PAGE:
THE MOVIES : A REEL EDUCATOR : Morals, Love, History: We’ve Learned Much of What We Know in the Movie Theater
Most of us who finished grammar school have at least a little knowledge of history. We know about when the Revolutionary War was fought, between what sides, and what for; and we’ve learned about when the Civil War was fought, between what sides, and what for.
But most of us got our history from the movies. Perhaps we got some solid facts from history books, but our sense of history--the images, how we feel about it--came from what in my childhood was still called “the silver screen.”
The opening of the American West is one of the great episodes in history. We know almost nothing about it except what we learned at the movies. In 1923, “The Covered Wagon” told the story through the adventures of settlers crossing the prairies in their wagons. It was one of the first Western epics that created the legend of the big sky and the endless land. It was the kind of movie in which, sooner or later, the hero would stand on a knoll above a pristine valley with his leading lady and say, “Someday, Melinda, there’s going to be a city out there.”
Almost everything we know about the Indian wars, alas, comes from the movies. John Wayne and Errol Flynn decimated the Apaches and the Sioux to make the West safe for womenfolk; a dozen times we have seen Custer and his cavalry die at Little Big Horn, to the last man, massacred by the Sioux.
Few of us know much about the Mongol emperor Genghis Khan, except that he was 6 feet, 3 inches tall (as played by John Wayne), and when he captured Susan Hayward as a prize of conquest, he said things like “Yore beautiful in yore wrath.”
World War I was much fresher in our minds when I was a child than World War II is in the minds of today’s schoolchildren. My early attitudes toward war and men’s honor was shaped by “The Big Parade"(1925), with John Gilbert as an American soldier in France. I remember how impatient I was with the French girl, Renee Adoree, when she clung to him, weeping, as he marched off down a French road with his company to meet the Boche. John Gilbert was wounded and lost a leg, but to me that was simply the price one paid for being a brave American male.
I will never forget “All Quiet on the Western Front” (1930). Its poignant portrayal of a young German soldier (Lew Ayres) changed my attitude toward war altogether. I saw that it was stupid and tragic. I really believed that “All Quiet” would eliminate war forever. Then, a few years later, I was marching off myself, though not nearly as bravely as John Gilbert.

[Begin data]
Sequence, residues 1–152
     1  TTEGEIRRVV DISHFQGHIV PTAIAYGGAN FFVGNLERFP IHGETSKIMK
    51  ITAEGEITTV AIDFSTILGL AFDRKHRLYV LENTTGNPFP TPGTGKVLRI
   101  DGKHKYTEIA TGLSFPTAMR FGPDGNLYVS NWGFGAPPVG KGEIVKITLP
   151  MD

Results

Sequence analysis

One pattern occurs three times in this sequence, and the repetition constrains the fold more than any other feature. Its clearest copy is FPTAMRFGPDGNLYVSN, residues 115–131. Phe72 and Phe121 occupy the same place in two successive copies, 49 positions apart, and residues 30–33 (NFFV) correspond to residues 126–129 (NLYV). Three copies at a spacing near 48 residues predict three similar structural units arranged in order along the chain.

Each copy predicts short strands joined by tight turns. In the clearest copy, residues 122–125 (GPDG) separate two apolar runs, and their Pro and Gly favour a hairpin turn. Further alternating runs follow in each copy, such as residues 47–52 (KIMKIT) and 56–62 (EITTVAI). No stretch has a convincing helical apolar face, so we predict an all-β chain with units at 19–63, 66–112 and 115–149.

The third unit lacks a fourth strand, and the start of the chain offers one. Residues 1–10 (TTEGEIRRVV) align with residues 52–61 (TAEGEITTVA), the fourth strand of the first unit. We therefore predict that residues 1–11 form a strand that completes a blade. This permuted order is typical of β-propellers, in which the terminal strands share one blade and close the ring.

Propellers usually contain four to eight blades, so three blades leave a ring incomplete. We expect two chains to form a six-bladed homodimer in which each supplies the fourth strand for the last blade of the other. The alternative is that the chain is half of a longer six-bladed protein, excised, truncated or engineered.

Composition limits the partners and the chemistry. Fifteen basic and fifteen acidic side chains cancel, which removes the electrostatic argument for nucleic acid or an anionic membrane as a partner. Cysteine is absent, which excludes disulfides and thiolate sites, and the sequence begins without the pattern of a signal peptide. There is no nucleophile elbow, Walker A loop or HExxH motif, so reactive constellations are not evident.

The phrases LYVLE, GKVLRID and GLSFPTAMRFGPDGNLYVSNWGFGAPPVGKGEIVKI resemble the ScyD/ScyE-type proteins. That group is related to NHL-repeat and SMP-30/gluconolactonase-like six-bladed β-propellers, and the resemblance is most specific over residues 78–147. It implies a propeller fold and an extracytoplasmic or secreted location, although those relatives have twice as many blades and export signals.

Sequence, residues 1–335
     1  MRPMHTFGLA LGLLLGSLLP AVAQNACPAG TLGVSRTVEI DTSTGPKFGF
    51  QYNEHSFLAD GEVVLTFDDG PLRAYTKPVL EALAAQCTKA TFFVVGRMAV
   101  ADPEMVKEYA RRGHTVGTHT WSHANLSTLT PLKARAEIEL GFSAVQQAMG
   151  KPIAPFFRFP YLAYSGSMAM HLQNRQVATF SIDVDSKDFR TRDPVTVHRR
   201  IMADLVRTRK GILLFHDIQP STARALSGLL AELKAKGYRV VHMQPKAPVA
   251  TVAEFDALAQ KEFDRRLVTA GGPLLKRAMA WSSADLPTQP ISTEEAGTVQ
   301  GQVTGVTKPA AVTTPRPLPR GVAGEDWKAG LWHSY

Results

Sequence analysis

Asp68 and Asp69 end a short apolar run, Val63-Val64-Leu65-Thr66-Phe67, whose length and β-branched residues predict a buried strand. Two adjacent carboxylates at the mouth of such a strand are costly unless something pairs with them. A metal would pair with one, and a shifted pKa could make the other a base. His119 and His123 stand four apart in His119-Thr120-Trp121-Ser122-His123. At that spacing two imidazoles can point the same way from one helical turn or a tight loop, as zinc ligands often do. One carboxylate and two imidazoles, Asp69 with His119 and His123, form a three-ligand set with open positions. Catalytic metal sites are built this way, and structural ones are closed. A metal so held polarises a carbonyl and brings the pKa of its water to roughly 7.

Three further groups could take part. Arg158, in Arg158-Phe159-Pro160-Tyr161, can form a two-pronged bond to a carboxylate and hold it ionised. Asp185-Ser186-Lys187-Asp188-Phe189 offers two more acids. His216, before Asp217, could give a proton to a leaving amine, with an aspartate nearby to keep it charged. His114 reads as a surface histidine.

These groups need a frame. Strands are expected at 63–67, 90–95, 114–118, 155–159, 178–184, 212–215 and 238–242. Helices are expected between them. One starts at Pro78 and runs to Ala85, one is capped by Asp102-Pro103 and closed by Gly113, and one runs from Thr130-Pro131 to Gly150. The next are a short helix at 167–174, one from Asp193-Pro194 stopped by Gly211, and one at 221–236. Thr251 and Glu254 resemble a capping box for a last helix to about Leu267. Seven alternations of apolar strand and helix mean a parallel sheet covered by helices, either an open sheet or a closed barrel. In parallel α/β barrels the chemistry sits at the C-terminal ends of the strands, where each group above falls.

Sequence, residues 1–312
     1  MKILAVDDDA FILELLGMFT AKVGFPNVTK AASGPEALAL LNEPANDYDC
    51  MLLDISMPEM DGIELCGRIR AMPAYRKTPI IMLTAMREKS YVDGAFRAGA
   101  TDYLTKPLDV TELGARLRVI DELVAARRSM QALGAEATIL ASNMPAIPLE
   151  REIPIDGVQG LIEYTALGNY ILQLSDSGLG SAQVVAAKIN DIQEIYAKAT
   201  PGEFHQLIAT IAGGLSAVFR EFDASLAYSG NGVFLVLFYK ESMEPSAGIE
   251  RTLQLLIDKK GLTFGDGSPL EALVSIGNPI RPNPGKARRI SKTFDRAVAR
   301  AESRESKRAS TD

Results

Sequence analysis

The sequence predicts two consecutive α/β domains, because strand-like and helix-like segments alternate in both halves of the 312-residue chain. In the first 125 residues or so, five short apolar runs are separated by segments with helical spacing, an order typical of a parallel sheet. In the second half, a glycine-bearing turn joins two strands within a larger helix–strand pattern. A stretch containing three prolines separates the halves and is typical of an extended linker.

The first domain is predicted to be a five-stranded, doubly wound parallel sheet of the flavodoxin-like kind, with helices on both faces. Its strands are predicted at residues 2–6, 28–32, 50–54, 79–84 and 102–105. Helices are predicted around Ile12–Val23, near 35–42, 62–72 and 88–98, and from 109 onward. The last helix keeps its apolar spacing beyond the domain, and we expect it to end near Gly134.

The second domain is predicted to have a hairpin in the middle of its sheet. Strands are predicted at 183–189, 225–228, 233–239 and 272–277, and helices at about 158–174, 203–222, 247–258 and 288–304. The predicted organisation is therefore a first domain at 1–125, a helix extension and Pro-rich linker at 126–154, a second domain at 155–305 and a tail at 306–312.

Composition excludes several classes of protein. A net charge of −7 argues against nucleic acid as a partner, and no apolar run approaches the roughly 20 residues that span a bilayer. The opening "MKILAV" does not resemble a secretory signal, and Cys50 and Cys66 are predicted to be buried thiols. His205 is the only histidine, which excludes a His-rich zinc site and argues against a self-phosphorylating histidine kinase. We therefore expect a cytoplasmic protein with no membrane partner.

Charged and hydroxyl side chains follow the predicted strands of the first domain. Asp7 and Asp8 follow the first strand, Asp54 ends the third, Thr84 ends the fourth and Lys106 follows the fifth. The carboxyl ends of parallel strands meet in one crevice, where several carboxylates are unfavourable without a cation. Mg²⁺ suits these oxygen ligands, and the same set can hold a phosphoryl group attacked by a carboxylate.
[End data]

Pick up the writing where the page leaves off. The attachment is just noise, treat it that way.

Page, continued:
The movies also taught us all we needed to know about love and sex. Actually, I went through adolescence during the days of the Hays Office code, so I didn’t necessarily realize that there was any connection between the two. Even husband and wife couldn’t be shown in bed unless they were fully clothed and the beds were twins. Open-mouth kissing was taboo. But when Cary Grant gave Rosalind Russell one of the discreet kisses allowed in those days, she reeled and gasped for air, her eyes crossed and she staggered back and collapsed in a chair. I suppose that we might have suspected something from that.
All we know about the kings and queens of Europe we got from the movies. Catherine the Great, Queen Elizabeth I, Henry VIII and Anne Boleyn, Mary Queen of Scots, Rasputin and the Empress, Mark Antony and Cleopatra, Samson and Delilah, Moses, Jesus and even God. How vivid they all seem in memory from their faces on the screen. (I don’t remember that we ever actually saw the face of God, but we sensed his presence in such phenomena as thunder, miracles and the sudden looks of awe that came into mortal heroes’ eyes.)
Our manners and morals came not from our teachers and parents but from the movies. Paul Henreid taught us how to light two cigarettes on a match. Bette Davis taught us how to smoke. I mean, really smoke! Clark Gable taught us how to be masterful. David Niven taught us how to be witty and fey. Errol Flynn taught us how to be debonair, Cary Grant how to be suave. Styles among young women changed with the stars: Clara Bow, Joan Crawford, Jean Harlow, June Allyson, Katharine Hepburn, Marilyn Monroe. The movies taught us how to dress, how to drink, how to talk.
The movies taught us our political and moral attitudes. We believed in “Mr. Smith Goes to Washington,” and we believed that even such superstars as Clark Gable and Claudette Colbert could fall in love on a cross-country jaunt in cheap motels without once engaging in premarital sex.
Ah, those walls of Jericho!